Spreadsheets, tables, and matrices are used in every aspect of life. We track finances, monitor tasks, plan our future, and analyze potential relationships with rows and columns. And we are surrounded by this information as individuals, as part of small social groups, and as part of large organizations such as classes, companies, or governments.
More simply, matrices and tables give a new structure to elements of our life that are not always so two-dimensional. From the new structure, we can glean new insights and inspire new visualization of those same elements to make best-informed decisions. To me, a matrix is a valuable analytical tool that helps organize information for insight and action.
(Note that I am using the term “matrix” to represent that much more than numerical arrays of the math world. I am including categorical mappings, tables, lists, and spreadsheets too.)
The University of Cambridge Institute for Manufacturing nicely defines the matrix as an essential decision support tool:
Generally, the two by two matrix is a useful tool for categorising things that can be reduced to two simple variables, particularly when quantitative information is unavailable and qualitative judgments must be made.
It enables a rapid clustering (or separating) of information into four categories, which can be defined to suit the purpose of the exercise. It is particularly useful with groups as a way of visibly plotting out a common understanding or agreement of a subject.”
Authors Alex Lowy and Phil Hood describe the matrix as “the most flexible and portable weapon in the knowledge worker’s intellectual arsenal”.
What’s best about the matrix is that flexibility. Depending on need, you can get as much power out of a 2×2 matrix as you can from a 5×5 matrix. Increased dimension does not translate to increased power. The matrix is flexible and dynamic to the needs of your analysis. You control the path to discovery.
And although matrices do a nice job of pairing categorical relationships, you can also translate these pairs to numerous other visualizations to better contextualize the information at hand. Turn your row and column headers into scaled concepts, map them to some x- and y- axes, and try and fit your qualitative information to a line that describes the relationship between x and y. Is the relationship directly proportional, inversely proportional, linear, parabolic, or along some other path? What do each of these types of relationships mean for your categorical variables?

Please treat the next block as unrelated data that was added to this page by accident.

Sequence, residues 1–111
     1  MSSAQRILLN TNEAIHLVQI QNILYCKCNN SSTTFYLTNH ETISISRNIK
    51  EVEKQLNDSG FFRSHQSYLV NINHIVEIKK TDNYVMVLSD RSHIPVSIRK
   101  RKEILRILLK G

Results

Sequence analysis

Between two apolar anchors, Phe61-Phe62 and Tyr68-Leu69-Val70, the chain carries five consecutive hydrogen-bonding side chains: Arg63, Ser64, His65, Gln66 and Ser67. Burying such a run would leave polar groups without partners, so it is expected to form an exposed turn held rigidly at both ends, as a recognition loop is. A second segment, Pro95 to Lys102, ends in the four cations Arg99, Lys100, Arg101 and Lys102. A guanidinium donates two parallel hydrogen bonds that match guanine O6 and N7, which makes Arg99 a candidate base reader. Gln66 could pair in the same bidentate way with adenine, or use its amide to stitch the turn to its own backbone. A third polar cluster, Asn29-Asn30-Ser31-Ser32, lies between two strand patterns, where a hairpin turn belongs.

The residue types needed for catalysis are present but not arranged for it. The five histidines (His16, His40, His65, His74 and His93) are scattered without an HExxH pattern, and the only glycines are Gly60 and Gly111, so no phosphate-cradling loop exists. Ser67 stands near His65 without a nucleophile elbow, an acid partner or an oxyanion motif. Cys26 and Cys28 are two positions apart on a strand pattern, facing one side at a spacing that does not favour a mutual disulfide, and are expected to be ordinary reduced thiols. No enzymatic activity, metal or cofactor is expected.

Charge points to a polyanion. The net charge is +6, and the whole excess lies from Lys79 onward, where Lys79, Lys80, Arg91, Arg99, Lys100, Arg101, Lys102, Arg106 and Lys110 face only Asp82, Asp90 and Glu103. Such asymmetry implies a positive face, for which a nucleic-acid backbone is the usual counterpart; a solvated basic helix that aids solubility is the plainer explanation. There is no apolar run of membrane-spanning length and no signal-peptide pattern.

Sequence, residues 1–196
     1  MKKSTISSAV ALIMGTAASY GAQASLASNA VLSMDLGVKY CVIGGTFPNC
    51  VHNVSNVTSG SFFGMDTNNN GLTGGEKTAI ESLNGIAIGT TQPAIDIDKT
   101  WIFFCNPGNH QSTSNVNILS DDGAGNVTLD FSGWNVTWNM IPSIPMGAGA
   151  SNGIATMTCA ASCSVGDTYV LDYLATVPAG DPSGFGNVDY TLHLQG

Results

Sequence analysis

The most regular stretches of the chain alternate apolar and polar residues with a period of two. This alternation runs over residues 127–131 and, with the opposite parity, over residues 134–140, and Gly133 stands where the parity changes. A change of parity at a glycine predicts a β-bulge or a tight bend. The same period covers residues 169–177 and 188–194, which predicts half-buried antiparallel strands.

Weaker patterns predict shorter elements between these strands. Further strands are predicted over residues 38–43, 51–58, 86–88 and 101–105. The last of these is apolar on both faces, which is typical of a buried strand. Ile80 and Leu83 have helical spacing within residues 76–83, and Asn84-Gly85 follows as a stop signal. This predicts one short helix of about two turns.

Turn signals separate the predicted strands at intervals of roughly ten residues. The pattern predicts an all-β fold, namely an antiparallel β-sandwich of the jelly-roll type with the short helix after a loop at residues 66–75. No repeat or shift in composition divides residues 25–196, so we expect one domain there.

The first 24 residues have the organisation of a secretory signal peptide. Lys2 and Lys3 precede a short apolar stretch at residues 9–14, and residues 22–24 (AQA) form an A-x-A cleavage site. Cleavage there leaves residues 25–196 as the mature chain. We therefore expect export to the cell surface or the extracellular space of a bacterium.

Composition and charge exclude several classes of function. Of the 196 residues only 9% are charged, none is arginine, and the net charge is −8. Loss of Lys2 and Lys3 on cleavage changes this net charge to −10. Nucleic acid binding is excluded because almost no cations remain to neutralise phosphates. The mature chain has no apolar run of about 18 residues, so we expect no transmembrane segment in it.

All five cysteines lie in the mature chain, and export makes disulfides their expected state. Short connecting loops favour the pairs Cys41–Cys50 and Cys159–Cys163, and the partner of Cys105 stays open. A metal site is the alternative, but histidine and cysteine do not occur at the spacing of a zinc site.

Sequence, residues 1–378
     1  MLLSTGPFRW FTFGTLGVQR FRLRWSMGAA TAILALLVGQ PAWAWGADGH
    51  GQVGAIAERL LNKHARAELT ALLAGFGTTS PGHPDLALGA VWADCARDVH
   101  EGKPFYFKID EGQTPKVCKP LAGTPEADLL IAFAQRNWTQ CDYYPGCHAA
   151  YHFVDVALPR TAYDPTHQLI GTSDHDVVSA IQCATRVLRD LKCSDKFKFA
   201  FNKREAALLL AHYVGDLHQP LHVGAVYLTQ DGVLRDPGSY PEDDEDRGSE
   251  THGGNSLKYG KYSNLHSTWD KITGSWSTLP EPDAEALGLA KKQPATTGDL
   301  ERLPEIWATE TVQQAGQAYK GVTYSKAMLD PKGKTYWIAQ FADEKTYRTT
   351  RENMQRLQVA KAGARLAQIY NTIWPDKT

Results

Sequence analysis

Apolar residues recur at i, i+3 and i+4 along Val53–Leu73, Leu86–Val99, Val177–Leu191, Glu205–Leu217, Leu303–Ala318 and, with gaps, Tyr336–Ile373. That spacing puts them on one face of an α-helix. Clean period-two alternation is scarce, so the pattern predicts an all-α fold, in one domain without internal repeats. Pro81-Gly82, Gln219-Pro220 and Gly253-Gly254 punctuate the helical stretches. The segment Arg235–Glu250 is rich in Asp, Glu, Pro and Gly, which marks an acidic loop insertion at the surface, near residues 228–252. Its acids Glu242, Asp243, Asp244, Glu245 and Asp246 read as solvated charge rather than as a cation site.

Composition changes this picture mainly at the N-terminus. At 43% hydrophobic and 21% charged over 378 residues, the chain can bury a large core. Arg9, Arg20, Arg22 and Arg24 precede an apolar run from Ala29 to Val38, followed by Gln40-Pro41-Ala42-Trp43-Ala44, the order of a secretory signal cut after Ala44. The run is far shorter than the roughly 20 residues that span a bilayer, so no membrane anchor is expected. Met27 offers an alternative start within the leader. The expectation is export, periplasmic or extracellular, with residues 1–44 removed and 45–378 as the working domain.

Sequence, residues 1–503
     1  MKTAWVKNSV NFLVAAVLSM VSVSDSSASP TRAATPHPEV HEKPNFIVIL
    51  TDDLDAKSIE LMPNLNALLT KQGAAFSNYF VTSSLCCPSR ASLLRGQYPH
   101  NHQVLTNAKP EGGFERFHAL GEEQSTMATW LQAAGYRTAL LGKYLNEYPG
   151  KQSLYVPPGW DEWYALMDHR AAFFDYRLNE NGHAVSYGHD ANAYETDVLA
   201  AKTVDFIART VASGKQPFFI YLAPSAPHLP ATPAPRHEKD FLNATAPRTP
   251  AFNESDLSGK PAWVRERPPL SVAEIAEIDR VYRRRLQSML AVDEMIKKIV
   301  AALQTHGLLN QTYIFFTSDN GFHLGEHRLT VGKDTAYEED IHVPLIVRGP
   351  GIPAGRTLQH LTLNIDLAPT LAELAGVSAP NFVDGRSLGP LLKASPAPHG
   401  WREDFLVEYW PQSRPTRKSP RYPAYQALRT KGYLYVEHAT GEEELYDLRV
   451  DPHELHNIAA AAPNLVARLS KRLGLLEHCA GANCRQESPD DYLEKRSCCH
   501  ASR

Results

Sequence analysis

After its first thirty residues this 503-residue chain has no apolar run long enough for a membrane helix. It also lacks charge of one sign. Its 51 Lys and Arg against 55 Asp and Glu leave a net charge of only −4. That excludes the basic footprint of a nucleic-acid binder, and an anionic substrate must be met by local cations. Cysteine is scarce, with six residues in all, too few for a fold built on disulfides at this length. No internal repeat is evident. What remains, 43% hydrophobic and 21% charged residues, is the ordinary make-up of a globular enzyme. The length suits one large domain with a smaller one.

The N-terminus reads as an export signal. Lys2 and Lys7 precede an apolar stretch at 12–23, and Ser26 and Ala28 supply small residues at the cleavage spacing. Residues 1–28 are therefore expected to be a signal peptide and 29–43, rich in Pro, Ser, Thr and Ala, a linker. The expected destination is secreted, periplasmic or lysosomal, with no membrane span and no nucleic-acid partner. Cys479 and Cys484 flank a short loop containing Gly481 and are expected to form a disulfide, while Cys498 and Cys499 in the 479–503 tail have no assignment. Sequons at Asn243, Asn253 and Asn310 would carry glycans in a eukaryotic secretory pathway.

It’s important to note that there can be fuzzy lines too. Not all cells need to have values and not all relationships need any sort of defined continuity. Empty cells and undefined relationships provide insights that are just as valuable as the populated and defined ones. Lack of data is data in itself, and that’s a great thing.
In the end, the matrix is just one part of the analytical toolbox and can provide a wide range of insight for your personal and professional life. Box up your data, organize it, visualize it, and use new structure to optimize your life.
Business/Leadership: Gartner, an IT research and advisory company, has created the “Magic Quadrant” to analyze types of entities in the business world. By plotting the ability (or inability) to execute against the completeness (or incompleteness) of vision, businesses can be categorized with those sharing similar characteristics, as Leaders, Challengers, Visionaries and Niche Players. This is a useful example of turning abstract qualities into groups for targeted strategy and decision making.
Product Development/Management: For analyzing how to grow a business from the product side, one matrix shows how plotting types of markets vs types of products can help guide that growth strategy.
Math/Statistics: Type I and Type II error tables are used to describe possible errors made in a statistical decision process. This is a great example of mapping relationships between categories, naming the cells, and using the matrix to understand what each cell represents.